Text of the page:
Tasmanian underwater photographer, Shane Breen, joined us for the weekend. Shane spends a lot of time diving the beautiful waters of Tasmania and really appreciated a weekend dedicated to diving Port Arthur.
I have been diving with Shane for a few years now. Shane started diving in Tasmania over thirty years ago, and then took a break. When diving with Shane, you will always find him behind a camera.
Shane had a really great weekend and enjoyed diving with a focus on photography. For him, it was really refreshing to be able to take time over a photo and look up and see your buddy doing the same thing and not swimming off into the distance. Out of the water, Shane found the opportunity to discuss equipment and techniques also beneficial. Thanks Shane for joining us over the weekend!
Sometimes, planning diving weekends in Tasmania is a good lesson for over-coming adversity. I have wanted to run an underwater photography weekend in Tasmania for the last year now. To me it sounded like a great opportunity to go diving and spend the evenings talking with like minded people about photography. However, as the weekend loomed closer, the predicted forecast got worse and worse. My lovely day dream of photographing sea caves, sea dragons and deep sponge gardens on the East Coast of the Tasman Peninsula, were slowly being eroded! Fortunately, the best thing about the Peninsula, is that there is almost always a place to dive in everything but the worst conditions. Consequently, as I was heading down to the dive lodge on Friday night, in the driving rain and howling winds, I was trying to think of our plan B.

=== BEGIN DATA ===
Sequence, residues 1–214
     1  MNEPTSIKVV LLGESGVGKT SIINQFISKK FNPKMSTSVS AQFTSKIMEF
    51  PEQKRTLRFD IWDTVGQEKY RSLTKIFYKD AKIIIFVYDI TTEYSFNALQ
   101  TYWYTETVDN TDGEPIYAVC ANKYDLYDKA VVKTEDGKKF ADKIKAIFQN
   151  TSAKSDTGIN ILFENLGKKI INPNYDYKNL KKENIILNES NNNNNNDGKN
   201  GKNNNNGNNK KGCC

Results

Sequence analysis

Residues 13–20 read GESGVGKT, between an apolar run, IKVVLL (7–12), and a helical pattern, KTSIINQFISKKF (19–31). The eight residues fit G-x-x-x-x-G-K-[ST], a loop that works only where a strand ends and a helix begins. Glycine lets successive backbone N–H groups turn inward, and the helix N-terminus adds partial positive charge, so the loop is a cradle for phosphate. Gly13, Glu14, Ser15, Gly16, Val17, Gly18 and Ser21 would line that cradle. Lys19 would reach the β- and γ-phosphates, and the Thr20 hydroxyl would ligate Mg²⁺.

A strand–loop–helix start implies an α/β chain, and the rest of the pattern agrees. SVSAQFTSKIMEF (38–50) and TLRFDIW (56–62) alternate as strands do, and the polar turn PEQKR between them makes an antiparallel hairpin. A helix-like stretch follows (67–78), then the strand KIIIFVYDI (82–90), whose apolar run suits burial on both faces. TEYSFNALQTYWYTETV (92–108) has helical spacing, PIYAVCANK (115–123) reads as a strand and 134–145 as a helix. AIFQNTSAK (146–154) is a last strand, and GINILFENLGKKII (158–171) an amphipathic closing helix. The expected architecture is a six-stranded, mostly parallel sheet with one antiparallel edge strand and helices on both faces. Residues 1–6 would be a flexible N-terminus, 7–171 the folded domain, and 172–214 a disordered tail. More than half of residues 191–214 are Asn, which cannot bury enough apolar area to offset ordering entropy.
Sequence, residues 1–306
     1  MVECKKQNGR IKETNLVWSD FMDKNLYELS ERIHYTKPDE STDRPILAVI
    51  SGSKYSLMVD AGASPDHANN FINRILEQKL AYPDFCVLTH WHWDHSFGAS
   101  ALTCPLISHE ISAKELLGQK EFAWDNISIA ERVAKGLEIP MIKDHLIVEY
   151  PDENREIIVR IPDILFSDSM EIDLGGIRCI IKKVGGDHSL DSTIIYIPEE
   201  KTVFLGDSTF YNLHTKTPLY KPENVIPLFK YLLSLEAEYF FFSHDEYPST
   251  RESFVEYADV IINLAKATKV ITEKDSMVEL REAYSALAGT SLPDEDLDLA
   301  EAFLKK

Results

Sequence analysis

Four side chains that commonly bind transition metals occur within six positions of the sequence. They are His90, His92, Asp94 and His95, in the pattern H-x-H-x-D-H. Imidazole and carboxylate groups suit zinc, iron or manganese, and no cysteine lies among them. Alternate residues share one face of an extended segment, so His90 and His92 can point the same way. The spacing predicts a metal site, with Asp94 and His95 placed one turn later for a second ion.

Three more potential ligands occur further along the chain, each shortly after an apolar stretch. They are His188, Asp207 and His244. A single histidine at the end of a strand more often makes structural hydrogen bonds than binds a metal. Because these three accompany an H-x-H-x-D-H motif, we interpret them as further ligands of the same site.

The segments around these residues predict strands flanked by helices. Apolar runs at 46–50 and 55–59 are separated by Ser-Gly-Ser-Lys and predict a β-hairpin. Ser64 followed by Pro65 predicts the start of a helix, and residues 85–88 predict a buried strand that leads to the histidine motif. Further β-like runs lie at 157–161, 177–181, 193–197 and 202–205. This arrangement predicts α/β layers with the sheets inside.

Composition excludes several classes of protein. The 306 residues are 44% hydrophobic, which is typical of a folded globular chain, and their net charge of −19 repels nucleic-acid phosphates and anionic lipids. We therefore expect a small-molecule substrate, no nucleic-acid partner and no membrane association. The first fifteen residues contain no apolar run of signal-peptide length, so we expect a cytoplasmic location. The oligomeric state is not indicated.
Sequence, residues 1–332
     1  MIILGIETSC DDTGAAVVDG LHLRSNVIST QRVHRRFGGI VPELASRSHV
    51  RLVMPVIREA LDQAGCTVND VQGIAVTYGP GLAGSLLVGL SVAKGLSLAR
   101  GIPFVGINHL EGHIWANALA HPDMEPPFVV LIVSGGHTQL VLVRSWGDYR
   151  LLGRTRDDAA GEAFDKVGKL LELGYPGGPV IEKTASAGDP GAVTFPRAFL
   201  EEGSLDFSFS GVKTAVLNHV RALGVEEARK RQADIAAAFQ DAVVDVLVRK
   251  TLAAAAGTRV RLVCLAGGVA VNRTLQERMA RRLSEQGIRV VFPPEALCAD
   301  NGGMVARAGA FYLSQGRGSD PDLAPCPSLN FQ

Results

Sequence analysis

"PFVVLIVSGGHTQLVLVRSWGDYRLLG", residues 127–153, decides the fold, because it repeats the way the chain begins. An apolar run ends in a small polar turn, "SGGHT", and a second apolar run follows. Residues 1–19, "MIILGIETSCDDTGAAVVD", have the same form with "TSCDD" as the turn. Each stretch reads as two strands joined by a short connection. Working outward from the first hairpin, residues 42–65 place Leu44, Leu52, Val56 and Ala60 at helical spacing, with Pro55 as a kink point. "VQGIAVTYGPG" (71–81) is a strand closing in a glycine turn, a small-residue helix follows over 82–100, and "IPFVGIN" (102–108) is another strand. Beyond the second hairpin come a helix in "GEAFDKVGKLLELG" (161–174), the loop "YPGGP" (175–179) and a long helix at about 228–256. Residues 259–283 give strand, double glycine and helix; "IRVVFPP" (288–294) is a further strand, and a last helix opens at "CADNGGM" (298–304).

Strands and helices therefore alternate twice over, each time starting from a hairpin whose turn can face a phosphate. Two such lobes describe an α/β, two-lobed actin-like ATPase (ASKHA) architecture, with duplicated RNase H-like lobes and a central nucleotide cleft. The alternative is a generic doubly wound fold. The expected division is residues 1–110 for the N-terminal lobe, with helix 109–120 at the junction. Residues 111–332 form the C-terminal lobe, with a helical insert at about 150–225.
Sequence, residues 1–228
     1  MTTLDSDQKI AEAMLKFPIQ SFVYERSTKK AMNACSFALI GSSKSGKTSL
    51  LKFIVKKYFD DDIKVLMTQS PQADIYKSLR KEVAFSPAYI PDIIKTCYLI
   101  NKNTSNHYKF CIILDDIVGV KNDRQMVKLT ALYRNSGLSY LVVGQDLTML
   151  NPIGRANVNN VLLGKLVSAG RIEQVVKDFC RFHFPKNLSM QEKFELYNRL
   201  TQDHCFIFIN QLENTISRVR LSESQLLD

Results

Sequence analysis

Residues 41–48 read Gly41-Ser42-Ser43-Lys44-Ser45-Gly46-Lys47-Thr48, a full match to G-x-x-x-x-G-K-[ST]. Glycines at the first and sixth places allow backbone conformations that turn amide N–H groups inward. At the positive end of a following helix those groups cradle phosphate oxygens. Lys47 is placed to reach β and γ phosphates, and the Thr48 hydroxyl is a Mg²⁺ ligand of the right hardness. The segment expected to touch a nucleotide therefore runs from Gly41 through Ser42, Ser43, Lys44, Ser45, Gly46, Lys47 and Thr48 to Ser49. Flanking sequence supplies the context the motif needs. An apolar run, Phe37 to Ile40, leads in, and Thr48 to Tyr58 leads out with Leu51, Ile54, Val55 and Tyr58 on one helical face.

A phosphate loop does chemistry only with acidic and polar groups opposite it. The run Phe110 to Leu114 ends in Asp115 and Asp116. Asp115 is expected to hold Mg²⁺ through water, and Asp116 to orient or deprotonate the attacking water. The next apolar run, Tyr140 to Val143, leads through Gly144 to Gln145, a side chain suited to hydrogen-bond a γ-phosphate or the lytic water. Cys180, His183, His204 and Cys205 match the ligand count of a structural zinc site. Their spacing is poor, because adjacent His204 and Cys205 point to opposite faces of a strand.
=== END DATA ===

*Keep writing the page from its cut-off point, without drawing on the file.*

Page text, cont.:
Saturday morning and the divers start to arrive. After a few jokes about the weather, a coffee or three and the suggestion of breakfast, we got our equipment ready, cameras set up, and in to our dry suits (or wet suits for the not so faint hearted). We had made a decision on our dive location. Port Arthur. This south facing, deep water port is a treasure trove of colonial Australian history and surprisingly enough, great dive sites! It is also reasonably protected from the terrifying, 4 meter easterly swell that, at the time, was lashing our usual dive sites.